Second Sunday After Epiphany (Year A)

Today we are looking at the readings for the Second Sunday after Epiphany, January 19, 2020. The lectionary readings are Isaiah 49:1-7; 1 Corinthians 1:1-9; and John 1:29-42. Today I’ll be focusing on the first two readings.

The prophet Isaiah writes,

Listen to me, O coastlands, pay attention, you peoples from far away! The Lord called me before I was born, while I was in my mother’s womb he named me. He made my mouth like a sharp sword, in the shadow of his hand he hid me; he made me a polished arrow, in his quiver he hid me away. And he said to me, ‘You are my servant, Israel, in whom I will be glorified.’

In language reminiscent of Psalm 139, the prophet proclaims that God knew him before he was born; that God in fact called him before he was born. God made his mouth to be like a sharp sword, honed and filled with God’s word.

Then the prophet continues,

But I said, ‘I have labored in vain, I have spent my strength for nothing and vanity; yet surely my cause is with the Lord, and my reward with my God.’

What faith this prophet has! He truly believes that God has made him. He truly believes that God designed him to be who he is, and that the setbacks he has experienced are not a sign of failure. Indeed, he puts his trust in the Lord, and trusts that the God who made him will continue to recognize him for who he is.

What amazing faith. Isn’t that a piece of the faith we try to share today? Don’t we still, thousands of years later, try to get people to believe that God made them? To believe that God knew what God was doing while making them? That God always has a plan for them, and gave them gifts and talents precisely for this reason? Paul builds on this in today’s second reading:

I give thanks to my God always for you because of the grace that has been given you in Christ Jesus, for in every way you have been enriched in him, in speech and knowledge of every kind – just as the testimony of Christ has been strengthened among you – so that you are not lacking in any spiritual gift as you wait for the revealing of our Lord Jesus Christ.

You are not lacking in any spiritual gift. Because of the grace that has been given you. What good news for people who doubt their worth!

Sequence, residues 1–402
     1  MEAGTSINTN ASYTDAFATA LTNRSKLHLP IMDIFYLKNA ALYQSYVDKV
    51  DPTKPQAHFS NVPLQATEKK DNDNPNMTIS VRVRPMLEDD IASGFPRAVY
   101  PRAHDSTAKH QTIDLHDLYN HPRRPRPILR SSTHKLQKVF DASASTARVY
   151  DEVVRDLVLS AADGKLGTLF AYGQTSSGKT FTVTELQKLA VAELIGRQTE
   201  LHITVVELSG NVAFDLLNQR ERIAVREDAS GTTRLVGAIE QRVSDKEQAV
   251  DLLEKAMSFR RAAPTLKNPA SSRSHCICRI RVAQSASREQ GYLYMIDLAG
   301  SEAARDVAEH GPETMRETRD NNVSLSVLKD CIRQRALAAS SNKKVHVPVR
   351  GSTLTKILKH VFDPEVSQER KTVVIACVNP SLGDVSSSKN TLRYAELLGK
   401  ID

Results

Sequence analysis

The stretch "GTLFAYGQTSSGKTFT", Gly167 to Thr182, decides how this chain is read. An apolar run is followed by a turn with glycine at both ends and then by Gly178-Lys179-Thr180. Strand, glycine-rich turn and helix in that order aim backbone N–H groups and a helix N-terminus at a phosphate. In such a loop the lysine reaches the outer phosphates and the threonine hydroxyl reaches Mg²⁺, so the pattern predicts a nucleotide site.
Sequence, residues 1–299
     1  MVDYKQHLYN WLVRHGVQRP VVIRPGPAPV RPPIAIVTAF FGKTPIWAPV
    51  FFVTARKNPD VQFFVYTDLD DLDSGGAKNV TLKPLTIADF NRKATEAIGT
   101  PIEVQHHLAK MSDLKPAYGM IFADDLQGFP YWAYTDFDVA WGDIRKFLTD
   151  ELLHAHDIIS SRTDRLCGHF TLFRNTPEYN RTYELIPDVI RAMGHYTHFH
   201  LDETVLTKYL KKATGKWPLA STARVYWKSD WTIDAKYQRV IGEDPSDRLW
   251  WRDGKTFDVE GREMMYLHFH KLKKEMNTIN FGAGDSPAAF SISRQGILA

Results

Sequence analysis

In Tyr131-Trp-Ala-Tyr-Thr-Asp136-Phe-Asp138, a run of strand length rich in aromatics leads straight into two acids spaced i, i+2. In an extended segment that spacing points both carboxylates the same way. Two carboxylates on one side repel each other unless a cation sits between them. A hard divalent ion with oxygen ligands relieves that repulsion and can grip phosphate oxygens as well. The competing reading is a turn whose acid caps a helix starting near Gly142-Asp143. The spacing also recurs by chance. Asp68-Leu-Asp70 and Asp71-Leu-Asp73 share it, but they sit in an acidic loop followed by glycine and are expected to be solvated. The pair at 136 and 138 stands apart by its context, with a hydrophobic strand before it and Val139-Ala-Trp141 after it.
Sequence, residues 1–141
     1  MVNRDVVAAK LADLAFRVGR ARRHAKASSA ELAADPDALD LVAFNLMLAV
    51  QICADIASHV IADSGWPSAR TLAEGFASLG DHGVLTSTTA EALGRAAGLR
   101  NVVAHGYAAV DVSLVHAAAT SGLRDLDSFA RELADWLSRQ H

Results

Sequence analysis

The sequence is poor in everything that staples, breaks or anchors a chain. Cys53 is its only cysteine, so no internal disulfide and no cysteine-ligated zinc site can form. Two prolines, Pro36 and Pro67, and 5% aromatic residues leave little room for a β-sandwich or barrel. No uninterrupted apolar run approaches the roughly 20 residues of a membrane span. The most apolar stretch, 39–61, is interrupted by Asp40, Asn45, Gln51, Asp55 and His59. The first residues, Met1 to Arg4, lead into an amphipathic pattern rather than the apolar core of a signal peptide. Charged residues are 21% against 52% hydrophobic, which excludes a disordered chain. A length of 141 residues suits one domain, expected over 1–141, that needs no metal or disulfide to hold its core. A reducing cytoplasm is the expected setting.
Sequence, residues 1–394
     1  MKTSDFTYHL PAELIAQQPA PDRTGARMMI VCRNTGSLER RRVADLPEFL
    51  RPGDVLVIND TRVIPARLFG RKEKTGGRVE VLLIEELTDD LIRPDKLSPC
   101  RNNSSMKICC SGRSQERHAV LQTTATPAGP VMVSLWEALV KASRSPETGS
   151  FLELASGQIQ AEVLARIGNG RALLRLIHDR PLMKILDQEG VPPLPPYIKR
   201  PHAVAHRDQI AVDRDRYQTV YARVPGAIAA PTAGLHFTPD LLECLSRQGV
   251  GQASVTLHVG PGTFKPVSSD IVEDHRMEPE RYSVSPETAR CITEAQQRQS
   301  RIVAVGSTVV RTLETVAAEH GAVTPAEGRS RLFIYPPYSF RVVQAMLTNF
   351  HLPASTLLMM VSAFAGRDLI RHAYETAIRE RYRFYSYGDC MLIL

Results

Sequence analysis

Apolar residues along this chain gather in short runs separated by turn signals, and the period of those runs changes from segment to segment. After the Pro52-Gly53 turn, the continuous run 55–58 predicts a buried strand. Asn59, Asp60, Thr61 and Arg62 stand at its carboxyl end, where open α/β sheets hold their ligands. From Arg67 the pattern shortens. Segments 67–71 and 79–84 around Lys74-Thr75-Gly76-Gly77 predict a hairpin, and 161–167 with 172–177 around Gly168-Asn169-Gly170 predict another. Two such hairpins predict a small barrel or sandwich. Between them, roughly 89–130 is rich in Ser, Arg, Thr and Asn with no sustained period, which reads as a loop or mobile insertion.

And what tragic news for people who know, beyond doubt, that they are worthless. People like me, some of the time. Depression makes it clear, crystal clear, that there is something wrong with you. Very little is crystal clear to someone in the midst of a deep depression, but there is one thing: something is wrong with me. I am made wrong. I am broken. I lack something that others have. And it’s not that I’m sad. It’s not that I lack happiness. It’s that I lack a component part that would make me a productive member of society. I lack a crucial piece that would make me worthy of love. I lack something, something, something that means that I will not achieve anything, and cannot, and was never intended to.

Someone in the midst of a depression may hear Isaiah and Paul here, where they say that God has given you spiritual gifts from before birth, and respond, “This message is not for me. I am the exception. I am the one God messed up with. I am the reject.” Science has taught us that mental illness is often, if not always, a congenital disease, and that there is a strong genetic component to it. This means that someone who lives with, say, depression, can accurately point to the womb, and say, “That is where I developed this disease. That is where my troubles began. From the very beginning. From before I was born.” Neither Isaiah nor Paul would have conceived of this. For them, mental disorders were likely fleeting problems caused by events, or in worse cases, possession by demons. But in our scientific understanding today, it seems like we are made this way. We are made diseased. We are made disordered. We are made broken. And it is hard to hear words like this spoken to us. Are Isaiah and Paul merely speaking to others, the better ones? Is this a message just for the perfect people? If so, then I do not belong. I do not belong in the church. I do not belong to God. I am, like I always thought, useless.

Or perhaps Paul and Isaiah were speaking to us all, and they just didn’t know that God dropped the ball with me. That God made me wrong. That God cast me off, and I am here on earth as an anomaly, not as a clay pot, but as a pile of broken molding clay pieces.

The message that I need to hear today is that God did not make me wrong. God made me right, but the broken world we live in has caused things to go wrong. Just as some people are born with a congenital heart condition, or born with a condition affecting their limbs, I was born with a brain condition. A brain defect that unfortunately helps me to believe things about myself that are so damaging, so hurtful, so wrong in the eyes of the God who made me. I need to hear today that what is wrong with me is something I can overcome, because God nonetheless has a plan for me, a role for me. I need to hear that my brokenness is not my identity, that my identity is deeper than that, more than that, fuller than that. I need to see that God offers me healing, and that that healing may not look like I want it to look. But it will be healing.

Texts like these two are the ones that people with mental illness need to hear some commentary on, commentary that gives real hope to someone who knows the pain of hopelessness.

Thanks for reading. Leave a comment below. If you like what you read here, please share it with others. You can like Biblia Luna on Facebook at @BibliaLuna, or follow on Twitter at @LunaBiblia. If you’d like to read other things I write, from sermons to poems to rants to mathematical nonsense, check out my primary blog at thescholtes.com. You can also support this project at Patreon.

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